This was day two, and by then our eldest, all of 6, had sniffed the wind and worked out that should one ask, one would receive. "Do you think," she inquired of Tatsio, "that we could have some marshmallows to toast in the fire?" Yes, he obliged.
Included in the usual tariff is pre-dinner drinks and canapes, a five-course dinner and a cooked country breakfast. We gave the girls room service while we opted for the five-course dinner. The staff are flexible about catering for kids, and whipped up a tasty spaghetti bolognaise and the best-seasoned vegetables I've yet eaten.
With Anastasia, the babysitter, ensconced, we headed to the main lodge for the main event. Part of Huka's appeal is the clubby atmosphere, where guests sidle up for a chat during drinks and canapes before being seated individually for dinner.
We were in the library, touted as Queen Elizabeth's favourite room (she's been a guest four times). We feasted on a very good menu, including chicken and mushroom compote, heirloom tomatoes, gurnard with chorizo and a chocoholic's nirvana of meringue "mushrooms", chocolate eggs and mint and chocolate shavings. All washed down with wines to match.
The sommelier's antenna was acute: when he came to chat to us pre-dinner and asked us about our wine preferences, upon hearing we were no fans of sauvignon blanc and not major red drinkers, he tweaked the accompanying wines to our taste while still managing to align with the dishes perfectly.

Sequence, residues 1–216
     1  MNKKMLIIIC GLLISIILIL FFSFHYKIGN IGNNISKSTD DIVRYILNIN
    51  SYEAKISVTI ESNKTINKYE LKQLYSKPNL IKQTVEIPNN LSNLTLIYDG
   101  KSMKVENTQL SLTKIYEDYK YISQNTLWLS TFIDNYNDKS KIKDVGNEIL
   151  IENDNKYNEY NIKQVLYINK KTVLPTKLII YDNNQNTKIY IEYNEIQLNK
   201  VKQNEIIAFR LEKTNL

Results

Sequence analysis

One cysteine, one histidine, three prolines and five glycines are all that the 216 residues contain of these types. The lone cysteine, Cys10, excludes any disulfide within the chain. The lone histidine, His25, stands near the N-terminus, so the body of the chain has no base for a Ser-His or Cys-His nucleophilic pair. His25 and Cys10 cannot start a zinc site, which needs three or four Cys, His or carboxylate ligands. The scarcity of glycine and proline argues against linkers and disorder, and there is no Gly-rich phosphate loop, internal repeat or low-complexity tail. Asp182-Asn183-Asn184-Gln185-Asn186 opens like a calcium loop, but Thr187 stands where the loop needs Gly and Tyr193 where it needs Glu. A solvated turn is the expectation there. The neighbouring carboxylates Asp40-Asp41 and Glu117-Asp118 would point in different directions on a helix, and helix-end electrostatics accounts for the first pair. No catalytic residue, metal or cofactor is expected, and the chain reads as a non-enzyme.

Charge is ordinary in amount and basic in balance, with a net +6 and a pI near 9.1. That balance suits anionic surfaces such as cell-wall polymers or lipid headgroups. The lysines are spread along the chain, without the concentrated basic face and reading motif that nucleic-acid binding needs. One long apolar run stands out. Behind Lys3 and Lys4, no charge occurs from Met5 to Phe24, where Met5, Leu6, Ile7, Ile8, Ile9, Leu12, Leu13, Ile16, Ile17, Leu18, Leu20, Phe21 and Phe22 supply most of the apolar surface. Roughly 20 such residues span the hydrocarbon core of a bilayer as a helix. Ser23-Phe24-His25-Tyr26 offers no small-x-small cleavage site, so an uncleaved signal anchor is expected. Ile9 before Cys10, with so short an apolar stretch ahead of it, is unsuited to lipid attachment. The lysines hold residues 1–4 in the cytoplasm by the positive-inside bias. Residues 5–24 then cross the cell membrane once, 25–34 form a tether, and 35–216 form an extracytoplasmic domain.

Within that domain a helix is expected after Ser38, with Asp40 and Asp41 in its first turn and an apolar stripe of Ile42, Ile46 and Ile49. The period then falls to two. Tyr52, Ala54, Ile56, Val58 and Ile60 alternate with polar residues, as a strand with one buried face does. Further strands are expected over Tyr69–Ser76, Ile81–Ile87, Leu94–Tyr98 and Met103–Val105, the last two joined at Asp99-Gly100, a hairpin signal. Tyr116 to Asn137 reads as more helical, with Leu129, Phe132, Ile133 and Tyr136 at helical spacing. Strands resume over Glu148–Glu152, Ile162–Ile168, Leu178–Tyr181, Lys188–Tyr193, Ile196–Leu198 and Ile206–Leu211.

WORTH STEPPING OUT FOR
The lodge can arrange any activity, from four-wheel driving to jet boating, horseback rides, quad adventures and bungy jumping and skydiving. Fly-fishing expeditions are popular. We didn't manage any of these, but the children loved their jaunt at Huka Prawn Park.
Sumptuous, glamorous, relaxed and, in some ways, delightfully old-fashioned, Huka Lodge doesn't disappoint.
Huka Lodge is about an hour's drive from Rotorua; three to four hours' drive from Auckland, and a four-hour drive from Wellington. There are daily flights to Taupo airport from Auckland, Wellington and Christchurch.
Or book a Huka Helicopter: Transfers are available from Auckland, Wellington and Rotorua direct to the front lawn of Huka Lodge. To get to Huka Lodge by chopper from Auckland takes about 1 hour 15 minutes, from Wellington, 1 hour 35 minutes and from Rotorua, 25 minutes.
Huka Lodge offers a two night package in a riverside Junior Lodge Suite, including a bottle of Bollinger champagne, pre-dinner drinks, and canapes, five-course gourmet dinners and full country breakfasts from $955 per person per night.
There is also a two night family package which includes accommodation in a junior suite with an adjoining escort room, a guided walk at the Opepe historical native bush reserve, a family dinner on the first night and country breakfast the next morning followed by a visit to the Prawn Park with a picnic lunch at Lilliput farm.
In the evening, a babysitter is provided for four hours while parents enjoy pre-dinner drinks with fellow guests, followed by private dining for two, from $1072 per adult per night (two children aged between 5 and 10 are included in the tariff).
The writer was a guest of Huka Lodge; hukalodge.co.nz
Sunday Star Times